By Spout | Spout March 22, 2009 at 3:00AM
By Vadim Rizov
"Sweethearts Of The Prison Rodeo" is precisely the kind of documentary SXSW must stop showing. In the dark, pre-mumblecore days, when the festival’s mission was pretty amorphous, SXSW premiered "Spellbound." Maybe the most financially successful film ever to launch at SXSW, it came with a dark price: any number of soul-sucking, would-be uplifting documentaries in the “quirky,” “humanist” vein. These pre-fab triumphs of the human spirit find hope and humor in the unlikeliest places, hitting the same tedious narrative beats as the Hollywood narratives they’re theoretically the alternative to, showing that the expected emotions of everyday human life soldier on pretty much everywhere. This is surprising, I guess.
Now: I wouldn’t want to suggest Bradley Beesley is a cynical director or operates in bad faith, because I’ve seen some of his other work and it doesn’t suggest anything of the kind. (Nor am I crazy about slagging on the premieres of small documentaries, but Beesley, if not Morgan Spurlock, has established himself just enough that I think one negative review isn’t going to completely screw things up.) There’s something pleasing about his unlikely desire to document every facet of Oklahoma life; David Gordon Green brought South Carolina to the world, and it would be nice if every state has its champion. Beesley began with 2001’s "Okie Noodling," which examined the culture of catching catfish with bare hands, and continued with 2005’s "The Fearless Freaks," a surprisingly candid and absorbing biography of Oklahoma City’s favorite musical sons, The Flaming Lips. That didn’t have any real structure and lagged, but it had amazingly candid, revelatory footage of Steven Drodz shooting up heroin, going a long way to explain why the Lips’ optimism was a hard-earned reaction to hard times, not the fun-but-unvaryhing be-in they’ve kind of become. So fine, OK: here’s Oklahoma trilogy, part three.
"Sweethearts of the Prison Radio" (the title a too-cute Byrds homage) focuses on the prisoners of McAlester, Oklahoma. Darkly mirroring border neighbor Texas (which leads the nation in executions), Oklahoma leads America in incarceration; recidivism rates, unsurprisingly, remain high. It’s also home to one of only two prison rodeos in the world, where inmates compete annually in bizarre and deadly bull-centric competitions. Women were allowed into the competition in 2006, and that’s presumably all it took to get Beesley going. Who needs to probe when you have women with nicknames like Foxie trying to snatch cash off a bull’s horns?
"Sweethearts" is baseline competent in a way more dispiriting than true failure. When you see low-grade video and hear inaudible sound, you know to walk out: when it looks like someone knows what they’re doing, it takes a little longer to figure out they’re not actually doing anything at all. Beesley’s got the “characters”: women mostly in on drug trafficking charges (Oklahoma’s been hit hard by meth), and good-ol’-boy wardens and supervisors out of another era. He’s got one man and woman for pathos: the woman ran away from her family at 12 and tracks them down with a private detective. Their reunion is predictably tearjerking, but there’s nothing in it you couldn’t predict; watching it made me feel kind of dirty, leaching off years of other people’s pent-up emotions for a quick moment of making the audience bawl. (They did.) There’s also Danny Liles, the only male profiled in depth, up for parole for the first time in some 25 years. Will the salty but lovably candid inmate give us a happy ending with his return to the world or a sad one with his return, once more, behind the walls? Does it make a difference?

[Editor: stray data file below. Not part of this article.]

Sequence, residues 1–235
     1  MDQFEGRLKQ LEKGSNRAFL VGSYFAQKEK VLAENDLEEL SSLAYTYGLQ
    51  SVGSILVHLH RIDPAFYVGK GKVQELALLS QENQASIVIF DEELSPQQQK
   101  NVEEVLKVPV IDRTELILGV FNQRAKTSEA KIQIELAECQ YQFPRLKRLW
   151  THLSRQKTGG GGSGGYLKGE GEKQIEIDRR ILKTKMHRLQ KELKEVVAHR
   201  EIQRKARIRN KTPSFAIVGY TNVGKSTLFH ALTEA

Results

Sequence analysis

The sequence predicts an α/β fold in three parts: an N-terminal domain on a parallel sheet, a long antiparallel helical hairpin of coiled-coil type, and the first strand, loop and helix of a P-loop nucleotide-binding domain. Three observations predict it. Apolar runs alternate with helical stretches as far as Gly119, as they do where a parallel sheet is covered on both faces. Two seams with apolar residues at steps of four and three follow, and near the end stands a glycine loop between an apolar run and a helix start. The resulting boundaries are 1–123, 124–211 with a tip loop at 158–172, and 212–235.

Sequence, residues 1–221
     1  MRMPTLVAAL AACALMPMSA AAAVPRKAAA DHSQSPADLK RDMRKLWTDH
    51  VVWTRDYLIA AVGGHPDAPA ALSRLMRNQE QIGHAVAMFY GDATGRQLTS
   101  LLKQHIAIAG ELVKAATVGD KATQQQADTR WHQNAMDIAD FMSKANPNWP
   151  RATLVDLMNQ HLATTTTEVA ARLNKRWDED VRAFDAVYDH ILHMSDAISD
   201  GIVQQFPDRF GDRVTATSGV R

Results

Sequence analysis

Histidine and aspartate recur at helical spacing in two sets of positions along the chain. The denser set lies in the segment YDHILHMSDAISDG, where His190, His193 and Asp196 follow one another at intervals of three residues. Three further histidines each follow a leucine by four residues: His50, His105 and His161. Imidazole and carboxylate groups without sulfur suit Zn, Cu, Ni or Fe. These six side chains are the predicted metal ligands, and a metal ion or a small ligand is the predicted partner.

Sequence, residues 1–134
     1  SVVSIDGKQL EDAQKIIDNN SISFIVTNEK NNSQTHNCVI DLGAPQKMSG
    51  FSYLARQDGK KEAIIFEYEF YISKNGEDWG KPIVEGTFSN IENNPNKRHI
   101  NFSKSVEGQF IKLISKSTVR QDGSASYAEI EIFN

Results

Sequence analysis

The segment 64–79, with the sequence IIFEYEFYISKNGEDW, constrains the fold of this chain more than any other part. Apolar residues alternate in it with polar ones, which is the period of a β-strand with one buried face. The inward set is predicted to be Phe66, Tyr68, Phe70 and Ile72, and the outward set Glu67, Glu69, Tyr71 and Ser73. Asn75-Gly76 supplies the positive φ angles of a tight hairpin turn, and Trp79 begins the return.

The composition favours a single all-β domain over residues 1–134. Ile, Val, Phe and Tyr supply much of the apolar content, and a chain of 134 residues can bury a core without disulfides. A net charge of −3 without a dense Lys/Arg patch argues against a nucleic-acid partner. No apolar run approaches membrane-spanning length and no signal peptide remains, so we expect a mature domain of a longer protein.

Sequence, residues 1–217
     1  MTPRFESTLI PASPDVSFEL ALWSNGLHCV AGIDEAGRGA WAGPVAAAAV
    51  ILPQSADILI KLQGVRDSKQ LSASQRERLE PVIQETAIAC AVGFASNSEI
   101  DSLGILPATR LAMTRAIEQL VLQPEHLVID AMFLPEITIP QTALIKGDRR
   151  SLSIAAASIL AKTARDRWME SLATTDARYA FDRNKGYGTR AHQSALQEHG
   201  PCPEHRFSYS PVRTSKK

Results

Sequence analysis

"Sweethearts" is, as they say, a crowd-pleaser. It’s also tedious and finally exasperating. It shouldn’t be news to anyone that the incarcerated are people too, but Beesley (this time, anyway) isn’t into anything not tried, trite and true: he wants women showing off the photos of their kids, who they haven’t seen in years and miss, and that takes care of the tears. Comedy comes easy when you’ve got amateur competitors trying to ride an ad-hoc mechanical bull (simulated with prisoners variously tugging on ropes tied to a suspended saddle) and hitting the ground –– a good fall gets a laugh every time. Beesley doesn’t even seem to know what his movie’s about when it’s not hitting the beats. Is it, in fact, about the female sweethearts? If so, why, and what makes them more compelling than any number of young women in similarly dire straits on the outside? Is male Danny — a 13-year rodeo veteran who’s got the reformed hellraiser’s knack for disarming your reservations with his own bluntness at every turn— actually a more compelling character, and if so why isn’t he the main character (or in the title, for that matter; he gets enough time)? Why is the structure of this movie such a mess, and why do we learn nothing we couldn’t have figured out on our own before showing up?
What "Sweethearts" knows — what audiences come to be wanly reassured of — is that folks are folks; if we ignore the most obvious differences between them, everyone feels vaguely reassured. It’s remarkable how much interesting stuff that could’ve provided at least some counterpoint is flat-out ignored. What, for example, of the wizened old men — true cowboys at their most iconographic — who come to train the prisoners? What do they think of all this? No answer. What are the implications of Oklahoma’s draconian prison system for the nation’s? No interest. "Sweethearts" kills your soul: in its search for “common humanity” (whatever that is), it flattens a unique environment into one like any other. Which sucks, because I really do want Beesley to be Oklahoma’s cinematic poet laureate; someone has to.